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International Emerging Leaders Program

at Collegiate School

Month

January 2016

Progress


Today during the 5th session, my committee, the Security Council, finally began our resolution list and eventually our working paper for solutions to fix the problem in Syria regarding civil security. We have been debating this topic for the past two days and finally agreed on resolutions for this. Today our sessions consisted mainly of moderated caucuses and multiple simple caucuses in order to have enough time to write our resolutions. In the simple caucus, the moderator and the president do not say anything and allow all of the delegates to work together freely. Surprisingly, all of the delegations agreed on one working paper and all of the resolutions together. Some of our resolutions are:

1) have the UN monitor the upcoming Syrian election

2) provide job and language training for Syrian refugees within the country that they fled to

3) create a cease-fire for foreign countries that have military within Syria

Overall, this topic has been so interesting especially since I am representing the delegation of France and the recent terrorist attacks are heavily related to this problem. Tomorrow we will finish our resolution paper for civil security and begin our second topic, the Iran Nuclear crisis.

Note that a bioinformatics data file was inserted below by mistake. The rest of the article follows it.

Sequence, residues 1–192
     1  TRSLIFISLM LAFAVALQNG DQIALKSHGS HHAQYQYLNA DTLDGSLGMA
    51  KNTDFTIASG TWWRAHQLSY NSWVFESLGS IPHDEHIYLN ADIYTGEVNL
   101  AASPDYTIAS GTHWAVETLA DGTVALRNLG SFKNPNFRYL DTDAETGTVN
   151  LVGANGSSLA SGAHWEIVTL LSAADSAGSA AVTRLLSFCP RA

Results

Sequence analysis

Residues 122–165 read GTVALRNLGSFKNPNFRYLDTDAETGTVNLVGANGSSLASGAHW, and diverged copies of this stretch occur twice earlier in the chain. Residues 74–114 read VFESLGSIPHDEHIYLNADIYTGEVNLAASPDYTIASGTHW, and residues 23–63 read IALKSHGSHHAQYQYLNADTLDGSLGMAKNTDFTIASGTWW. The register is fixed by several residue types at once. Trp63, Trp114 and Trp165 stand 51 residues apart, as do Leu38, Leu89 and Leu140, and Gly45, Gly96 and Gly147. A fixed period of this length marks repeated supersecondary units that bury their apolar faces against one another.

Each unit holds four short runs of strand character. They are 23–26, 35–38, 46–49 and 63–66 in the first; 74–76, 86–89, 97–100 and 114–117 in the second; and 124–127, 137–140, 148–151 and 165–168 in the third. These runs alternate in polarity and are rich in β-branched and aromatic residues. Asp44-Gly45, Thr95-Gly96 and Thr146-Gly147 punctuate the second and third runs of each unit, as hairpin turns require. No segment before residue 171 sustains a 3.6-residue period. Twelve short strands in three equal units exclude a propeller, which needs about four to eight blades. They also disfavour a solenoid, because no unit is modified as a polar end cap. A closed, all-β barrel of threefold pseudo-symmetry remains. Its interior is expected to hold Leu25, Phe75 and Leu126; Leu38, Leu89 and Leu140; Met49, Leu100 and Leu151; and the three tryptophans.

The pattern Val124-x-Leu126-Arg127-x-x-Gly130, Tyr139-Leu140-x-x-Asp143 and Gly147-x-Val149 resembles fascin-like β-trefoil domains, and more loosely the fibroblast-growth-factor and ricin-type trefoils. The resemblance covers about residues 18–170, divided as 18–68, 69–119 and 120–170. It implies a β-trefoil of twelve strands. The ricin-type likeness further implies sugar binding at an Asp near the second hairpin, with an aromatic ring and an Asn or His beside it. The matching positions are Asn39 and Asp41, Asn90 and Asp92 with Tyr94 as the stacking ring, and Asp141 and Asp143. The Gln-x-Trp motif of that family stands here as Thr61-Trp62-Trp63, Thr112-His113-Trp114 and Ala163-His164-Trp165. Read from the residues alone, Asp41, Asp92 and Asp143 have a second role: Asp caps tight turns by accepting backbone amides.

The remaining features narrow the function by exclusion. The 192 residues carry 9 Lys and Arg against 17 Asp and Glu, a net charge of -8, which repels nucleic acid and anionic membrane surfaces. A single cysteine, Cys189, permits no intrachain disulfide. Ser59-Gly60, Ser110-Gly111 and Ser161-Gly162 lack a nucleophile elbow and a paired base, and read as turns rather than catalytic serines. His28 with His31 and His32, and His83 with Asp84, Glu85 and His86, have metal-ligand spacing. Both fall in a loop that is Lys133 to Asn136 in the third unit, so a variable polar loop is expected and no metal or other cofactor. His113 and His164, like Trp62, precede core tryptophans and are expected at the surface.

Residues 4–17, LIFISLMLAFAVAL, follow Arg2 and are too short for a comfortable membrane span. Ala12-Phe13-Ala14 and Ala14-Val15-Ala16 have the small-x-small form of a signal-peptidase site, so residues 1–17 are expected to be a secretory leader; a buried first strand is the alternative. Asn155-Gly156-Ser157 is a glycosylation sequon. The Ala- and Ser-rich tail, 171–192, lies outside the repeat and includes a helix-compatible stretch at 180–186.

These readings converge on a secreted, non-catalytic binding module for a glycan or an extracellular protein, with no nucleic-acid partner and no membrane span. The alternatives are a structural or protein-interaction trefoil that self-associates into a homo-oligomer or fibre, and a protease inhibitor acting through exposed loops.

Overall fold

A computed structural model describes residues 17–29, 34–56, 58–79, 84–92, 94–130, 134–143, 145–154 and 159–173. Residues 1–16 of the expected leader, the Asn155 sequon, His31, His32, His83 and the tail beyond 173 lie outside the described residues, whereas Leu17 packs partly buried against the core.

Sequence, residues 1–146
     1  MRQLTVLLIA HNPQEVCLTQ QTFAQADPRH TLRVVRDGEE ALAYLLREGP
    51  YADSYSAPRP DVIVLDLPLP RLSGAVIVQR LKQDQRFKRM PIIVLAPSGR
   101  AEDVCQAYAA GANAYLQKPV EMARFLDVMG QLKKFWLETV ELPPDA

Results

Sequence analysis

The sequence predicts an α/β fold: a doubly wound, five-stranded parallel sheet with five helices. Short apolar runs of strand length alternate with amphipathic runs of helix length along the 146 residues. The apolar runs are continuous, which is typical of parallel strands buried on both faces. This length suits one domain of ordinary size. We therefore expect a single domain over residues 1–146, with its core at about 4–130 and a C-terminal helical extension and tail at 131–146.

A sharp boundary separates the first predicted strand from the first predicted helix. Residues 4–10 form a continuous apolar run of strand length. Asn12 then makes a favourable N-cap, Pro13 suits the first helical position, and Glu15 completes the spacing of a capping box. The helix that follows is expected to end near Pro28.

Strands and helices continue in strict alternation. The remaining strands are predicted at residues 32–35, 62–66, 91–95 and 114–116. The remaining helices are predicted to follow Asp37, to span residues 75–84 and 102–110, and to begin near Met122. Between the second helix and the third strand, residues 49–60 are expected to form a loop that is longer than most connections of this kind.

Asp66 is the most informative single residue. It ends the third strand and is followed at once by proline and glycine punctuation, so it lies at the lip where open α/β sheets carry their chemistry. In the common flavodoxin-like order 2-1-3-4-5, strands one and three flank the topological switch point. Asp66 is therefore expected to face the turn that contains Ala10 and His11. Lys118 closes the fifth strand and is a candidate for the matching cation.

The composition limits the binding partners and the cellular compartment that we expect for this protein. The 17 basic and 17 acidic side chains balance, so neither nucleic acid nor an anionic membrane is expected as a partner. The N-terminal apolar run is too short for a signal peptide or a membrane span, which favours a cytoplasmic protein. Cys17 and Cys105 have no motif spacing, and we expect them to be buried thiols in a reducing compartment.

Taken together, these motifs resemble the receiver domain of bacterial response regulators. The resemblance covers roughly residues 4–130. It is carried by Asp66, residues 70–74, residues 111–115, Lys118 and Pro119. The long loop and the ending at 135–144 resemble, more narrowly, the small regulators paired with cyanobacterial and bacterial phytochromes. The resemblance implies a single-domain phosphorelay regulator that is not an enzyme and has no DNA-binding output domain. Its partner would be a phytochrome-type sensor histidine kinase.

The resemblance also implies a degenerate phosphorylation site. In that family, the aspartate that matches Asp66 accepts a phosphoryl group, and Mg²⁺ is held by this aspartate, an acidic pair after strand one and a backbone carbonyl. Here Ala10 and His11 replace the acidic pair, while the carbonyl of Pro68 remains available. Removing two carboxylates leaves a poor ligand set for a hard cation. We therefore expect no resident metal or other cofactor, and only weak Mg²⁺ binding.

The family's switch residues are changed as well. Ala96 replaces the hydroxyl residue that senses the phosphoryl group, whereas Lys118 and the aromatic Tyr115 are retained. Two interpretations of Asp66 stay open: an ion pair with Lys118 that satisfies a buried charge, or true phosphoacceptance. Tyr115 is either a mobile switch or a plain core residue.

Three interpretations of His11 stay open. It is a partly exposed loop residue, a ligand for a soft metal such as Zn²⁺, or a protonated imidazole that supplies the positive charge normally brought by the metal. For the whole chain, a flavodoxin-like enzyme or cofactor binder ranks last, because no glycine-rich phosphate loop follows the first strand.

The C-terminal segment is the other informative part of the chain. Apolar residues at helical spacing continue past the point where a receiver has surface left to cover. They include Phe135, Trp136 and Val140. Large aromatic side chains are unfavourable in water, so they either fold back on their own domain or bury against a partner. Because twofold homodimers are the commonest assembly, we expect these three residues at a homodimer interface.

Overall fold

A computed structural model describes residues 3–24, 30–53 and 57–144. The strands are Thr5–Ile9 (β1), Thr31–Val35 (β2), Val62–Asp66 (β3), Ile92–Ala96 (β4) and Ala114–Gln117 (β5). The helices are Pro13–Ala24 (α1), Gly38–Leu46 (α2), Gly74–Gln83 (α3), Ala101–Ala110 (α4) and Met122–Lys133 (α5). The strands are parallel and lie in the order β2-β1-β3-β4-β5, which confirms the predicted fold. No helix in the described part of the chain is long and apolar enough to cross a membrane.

Megan S.

World War 3!

Today during the 6th session of the “historical committee – back in time” our committee began discussing our second topic, the Vietnam War. This was by far the most heated debate we have had so far! Three of the main country delegations were missing for a little bit of the session so it was up to the other committees to take the reigns. The most interesting part of today’s session was when the delegation of West Germany proposed that the rest of the committee invade the US and create WW3. This sparked lots of tension throughout the entire committee and led to lots of commotion. The delegation of West Germany decided that the US was the root of all problems, which is why they wanted to invade their country. Overall the 6th session was comprised of many moderated caucuses and lots of debate particularly between the delegations of the US and North Vietnam. I am looking forward to tomorrow’s sessions to hopefully meet in the middle and form a resolution paper.